KCI provided concept development, 319 grant application development and administration, environmental documentation, ecological restoration design, engineering studies/ design, construction oversight, and system commissioning and monitoring for the Prairie Creek Treatment Train, an engineered ecosystem which addresses water quality degradation in Grand Lake St. Marys (GLSM), through removal of dissolved and particulate nutrients via a series of linked engineered, biotechnical and natural treatment systems. The firm also assisted with land acquisition support and community relations.
The Prairie Creek Treatment Train (PCTT) addresses nutrient loading into the lake through removal of bed load, and treatment of base flow and storm water discharges. The Prairie Creek watershed drains 2,310 acres of which 95% is in agricultural production. In-situ loading studies from adjacent drainages indicated a total phosphorus loading between 0.32 and 0.63ppm. The PCTT treats flows from the drainage via a series of interlinked treatment systems before discharge into GLSM.
The PCTT consists of a series of four in-line components that jointly result in significant improvements to the quality of water flowing through the system. The innovative application stems from the integration of engineered (MAID), bio-technical (constructed wetlands), and natural systems (riparian wetlands and littoral embayment) as an ‘engineered ecosystem’ to address anthropogenically-induced degradation of a natural system as part of an overall Adaptive Management Framework (Strategic Plan).
The system functions by conveying raw water via an intake, lift station and force main at a maximum rate of 1.3 million gallons per day to the treatment system. The intake is located at the intersection of the free flow of Prairie Creek and the backwater of GLSM. This positioning enables collection of base flow and storm flows from the watershed via Prairie Creek, or the treatment of lake water in the event drought conditions decrease the base flows below the treatment capacity of the system, allowing for full utilization of the treatment capacity of the system.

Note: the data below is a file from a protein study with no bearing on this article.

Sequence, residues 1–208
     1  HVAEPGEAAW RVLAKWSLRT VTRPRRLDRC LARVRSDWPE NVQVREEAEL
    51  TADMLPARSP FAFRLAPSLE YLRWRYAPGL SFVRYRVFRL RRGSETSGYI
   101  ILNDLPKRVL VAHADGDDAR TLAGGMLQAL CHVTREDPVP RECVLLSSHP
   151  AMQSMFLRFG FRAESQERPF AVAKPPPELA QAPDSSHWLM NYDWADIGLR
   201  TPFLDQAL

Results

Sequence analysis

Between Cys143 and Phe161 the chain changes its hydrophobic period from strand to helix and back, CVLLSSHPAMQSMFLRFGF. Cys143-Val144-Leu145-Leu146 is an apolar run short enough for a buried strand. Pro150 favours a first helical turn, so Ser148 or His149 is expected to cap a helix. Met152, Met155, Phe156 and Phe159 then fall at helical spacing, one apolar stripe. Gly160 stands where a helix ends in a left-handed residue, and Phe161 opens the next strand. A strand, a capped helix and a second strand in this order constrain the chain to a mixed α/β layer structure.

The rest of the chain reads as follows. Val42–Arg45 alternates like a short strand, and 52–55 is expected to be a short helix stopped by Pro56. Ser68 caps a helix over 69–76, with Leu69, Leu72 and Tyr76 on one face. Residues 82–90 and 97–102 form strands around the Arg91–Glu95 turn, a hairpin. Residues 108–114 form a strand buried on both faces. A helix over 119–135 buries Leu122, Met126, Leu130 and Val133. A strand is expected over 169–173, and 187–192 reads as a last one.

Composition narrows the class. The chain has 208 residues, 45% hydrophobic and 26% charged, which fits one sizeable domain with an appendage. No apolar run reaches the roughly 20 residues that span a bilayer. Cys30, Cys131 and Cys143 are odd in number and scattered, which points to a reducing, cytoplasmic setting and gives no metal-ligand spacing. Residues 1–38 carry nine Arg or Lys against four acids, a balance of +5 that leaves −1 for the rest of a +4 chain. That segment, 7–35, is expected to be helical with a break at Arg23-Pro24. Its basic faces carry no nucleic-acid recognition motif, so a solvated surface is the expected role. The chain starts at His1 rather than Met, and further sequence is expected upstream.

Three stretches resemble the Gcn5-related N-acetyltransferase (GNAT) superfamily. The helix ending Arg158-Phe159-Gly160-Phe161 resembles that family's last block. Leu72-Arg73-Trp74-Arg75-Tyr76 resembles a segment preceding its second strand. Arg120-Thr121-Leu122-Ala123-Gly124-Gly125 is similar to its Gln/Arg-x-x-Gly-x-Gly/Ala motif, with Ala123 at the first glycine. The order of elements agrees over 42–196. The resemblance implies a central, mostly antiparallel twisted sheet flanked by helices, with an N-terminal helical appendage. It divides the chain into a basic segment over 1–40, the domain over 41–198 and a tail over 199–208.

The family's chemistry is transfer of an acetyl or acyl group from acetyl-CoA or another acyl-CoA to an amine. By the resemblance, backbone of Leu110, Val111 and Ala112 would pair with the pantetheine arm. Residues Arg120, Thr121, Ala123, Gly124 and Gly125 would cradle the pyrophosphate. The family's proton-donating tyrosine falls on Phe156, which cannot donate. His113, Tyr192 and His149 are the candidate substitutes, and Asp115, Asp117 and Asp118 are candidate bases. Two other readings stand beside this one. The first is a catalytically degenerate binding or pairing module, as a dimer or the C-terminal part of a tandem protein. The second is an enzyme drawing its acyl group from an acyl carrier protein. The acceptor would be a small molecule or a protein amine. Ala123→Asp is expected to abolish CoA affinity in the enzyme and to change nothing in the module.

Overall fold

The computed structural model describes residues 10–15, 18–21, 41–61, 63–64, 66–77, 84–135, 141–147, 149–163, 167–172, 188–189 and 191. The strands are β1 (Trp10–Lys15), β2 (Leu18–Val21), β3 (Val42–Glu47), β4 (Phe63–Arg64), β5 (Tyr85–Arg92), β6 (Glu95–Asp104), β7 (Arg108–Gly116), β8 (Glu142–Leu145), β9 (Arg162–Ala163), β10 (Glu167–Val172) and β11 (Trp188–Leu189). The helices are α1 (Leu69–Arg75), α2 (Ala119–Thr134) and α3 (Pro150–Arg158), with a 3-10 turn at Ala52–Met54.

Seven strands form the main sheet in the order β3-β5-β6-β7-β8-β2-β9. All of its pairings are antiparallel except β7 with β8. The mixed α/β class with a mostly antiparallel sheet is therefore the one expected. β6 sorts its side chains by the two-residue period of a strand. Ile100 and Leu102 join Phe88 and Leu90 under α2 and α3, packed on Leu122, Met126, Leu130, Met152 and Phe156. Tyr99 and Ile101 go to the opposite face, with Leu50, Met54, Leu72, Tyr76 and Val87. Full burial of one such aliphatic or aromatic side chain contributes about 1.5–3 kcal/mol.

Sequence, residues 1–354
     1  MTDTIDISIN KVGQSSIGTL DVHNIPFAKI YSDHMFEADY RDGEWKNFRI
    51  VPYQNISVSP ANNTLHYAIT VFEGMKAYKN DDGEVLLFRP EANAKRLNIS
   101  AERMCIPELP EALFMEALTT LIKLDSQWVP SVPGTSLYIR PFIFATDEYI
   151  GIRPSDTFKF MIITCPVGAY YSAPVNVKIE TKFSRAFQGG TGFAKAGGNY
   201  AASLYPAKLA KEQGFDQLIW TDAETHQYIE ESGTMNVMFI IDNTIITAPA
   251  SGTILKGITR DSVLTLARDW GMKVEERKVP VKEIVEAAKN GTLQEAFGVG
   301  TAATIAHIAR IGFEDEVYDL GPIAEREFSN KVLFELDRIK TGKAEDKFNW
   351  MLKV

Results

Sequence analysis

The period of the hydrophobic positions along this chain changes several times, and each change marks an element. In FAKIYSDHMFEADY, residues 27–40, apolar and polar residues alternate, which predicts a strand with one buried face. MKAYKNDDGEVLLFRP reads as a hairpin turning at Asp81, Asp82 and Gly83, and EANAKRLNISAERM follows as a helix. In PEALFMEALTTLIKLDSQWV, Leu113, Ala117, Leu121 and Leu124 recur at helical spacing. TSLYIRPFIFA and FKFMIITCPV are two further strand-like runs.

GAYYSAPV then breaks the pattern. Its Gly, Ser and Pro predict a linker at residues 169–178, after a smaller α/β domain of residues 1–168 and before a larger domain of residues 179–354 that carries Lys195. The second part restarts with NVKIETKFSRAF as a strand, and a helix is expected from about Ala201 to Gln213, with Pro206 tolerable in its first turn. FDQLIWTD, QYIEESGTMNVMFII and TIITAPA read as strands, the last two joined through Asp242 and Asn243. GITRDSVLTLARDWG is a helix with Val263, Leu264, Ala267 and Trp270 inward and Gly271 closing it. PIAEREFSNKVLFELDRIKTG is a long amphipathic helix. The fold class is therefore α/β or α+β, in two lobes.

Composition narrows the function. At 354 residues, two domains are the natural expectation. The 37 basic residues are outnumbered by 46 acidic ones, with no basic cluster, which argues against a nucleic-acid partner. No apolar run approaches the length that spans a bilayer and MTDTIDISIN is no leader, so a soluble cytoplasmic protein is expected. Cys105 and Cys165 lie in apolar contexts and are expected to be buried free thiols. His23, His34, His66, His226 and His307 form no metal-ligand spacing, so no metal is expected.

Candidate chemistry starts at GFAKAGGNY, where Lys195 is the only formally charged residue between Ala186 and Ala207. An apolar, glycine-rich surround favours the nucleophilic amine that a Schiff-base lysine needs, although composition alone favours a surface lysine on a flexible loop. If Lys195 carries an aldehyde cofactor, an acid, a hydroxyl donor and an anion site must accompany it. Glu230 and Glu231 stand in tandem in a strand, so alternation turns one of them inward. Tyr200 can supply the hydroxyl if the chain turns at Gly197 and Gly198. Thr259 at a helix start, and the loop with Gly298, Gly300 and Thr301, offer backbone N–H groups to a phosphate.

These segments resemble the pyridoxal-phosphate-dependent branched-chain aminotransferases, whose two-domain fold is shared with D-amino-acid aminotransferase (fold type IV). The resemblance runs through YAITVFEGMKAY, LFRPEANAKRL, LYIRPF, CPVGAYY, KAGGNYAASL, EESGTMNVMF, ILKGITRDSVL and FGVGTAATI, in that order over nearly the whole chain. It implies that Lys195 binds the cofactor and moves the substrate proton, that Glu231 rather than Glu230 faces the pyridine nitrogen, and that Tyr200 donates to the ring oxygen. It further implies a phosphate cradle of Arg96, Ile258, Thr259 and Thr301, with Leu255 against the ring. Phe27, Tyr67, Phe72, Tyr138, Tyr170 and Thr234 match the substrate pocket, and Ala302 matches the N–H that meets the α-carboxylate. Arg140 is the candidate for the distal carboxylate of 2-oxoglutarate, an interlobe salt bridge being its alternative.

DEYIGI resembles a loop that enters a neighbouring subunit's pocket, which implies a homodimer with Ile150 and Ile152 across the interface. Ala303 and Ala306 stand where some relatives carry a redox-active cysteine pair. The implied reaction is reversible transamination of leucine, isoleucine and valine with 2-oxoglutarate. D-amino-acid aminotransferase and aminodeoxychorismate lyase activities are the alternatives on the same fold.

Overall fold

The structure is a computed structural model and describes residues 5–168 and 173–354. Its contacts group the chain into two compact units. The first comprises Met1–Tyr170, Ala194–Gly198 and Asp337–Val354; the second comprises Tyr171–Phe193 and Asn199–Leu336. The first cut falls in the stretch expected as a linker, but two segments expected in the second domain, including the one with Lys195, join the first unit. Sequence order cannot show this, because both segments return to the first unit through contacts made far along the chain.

The treatment systems originate with a Mobile Alum Injection Device (MAID), which regulates the flow of water through the system and integrates the injection of alum or other treatment chemicals to remove particulate and dissolved constituents in advance of the wetlands to maximize the efficiency. Chemical injection and inflow is regulated by a software control system and variable frequency drive pumps. The software is web-enabled, allowing all aspects of the system to be monitored and controlled remotely from any location. Precipitates are collected in two stilling basins for removal and disposal, prior to the water entering the constructed wetlands.
“The elements have been tested in literature and some components have already been put to use in the lake. The unique feature of the treatment train is that these elements have been used in sequence to polish water quality prior to discharge into the main body of the lake.”
Joseph J. Pfeiffer Jr., PWSVice President, Regional Practice Leader
An eight-acre constructed wetlands accepts flows from the stilling basins and utilizes a series of seven cells comprised of shallow water and deep water planted with persistent vegetation to biologically process and assimilate phosphorus loadings and allow de-nitrification. The water from the constructed wetland flows into a four-acre riparian wetland that was restored through removal of fill prior to entering an existing three-acre riparian forested wetland along the periphery of the lake. Treated water from the constructed, restored and existing wetland areas then enters a 30-acre embayment area of GLSM that was created by establishing shallow berms, which subrogate the embayment from the main body of the lake allowing natural regeneration of submerged aquatic vegetation, which is the historic condition of the lake. The shallow berms were designed to interact with GLSM; however, the interaction is significantly reduced from its current condition to maintain conditions favorable to initiate and sustain natural ecosystem function. Water returns to the lake through the berms.
The PCTT sets a new standard in the industry by demonstrating how engineered systems can be married with the natural environment to create a cost-effective and sustainable solution that could address a region-wide ecological crisis. It has become the poster child for the restoration of GLSM, providing an example how proper planning, design and execution can be integrated with natural systems to produce recognizable results.
Once the system was commissioned and placed into operation, water quality monitoring of the system documented an average removal efficiency of 31% and 71% for nitrogen and phosphorus respectively, resulting in a complete shift in water quality and trophic state in the embayment and resurgence of naturally generating aquatic vegetation. Scientists regularly observe localized improvements in clarity and aquatic plant growth near restoration areas.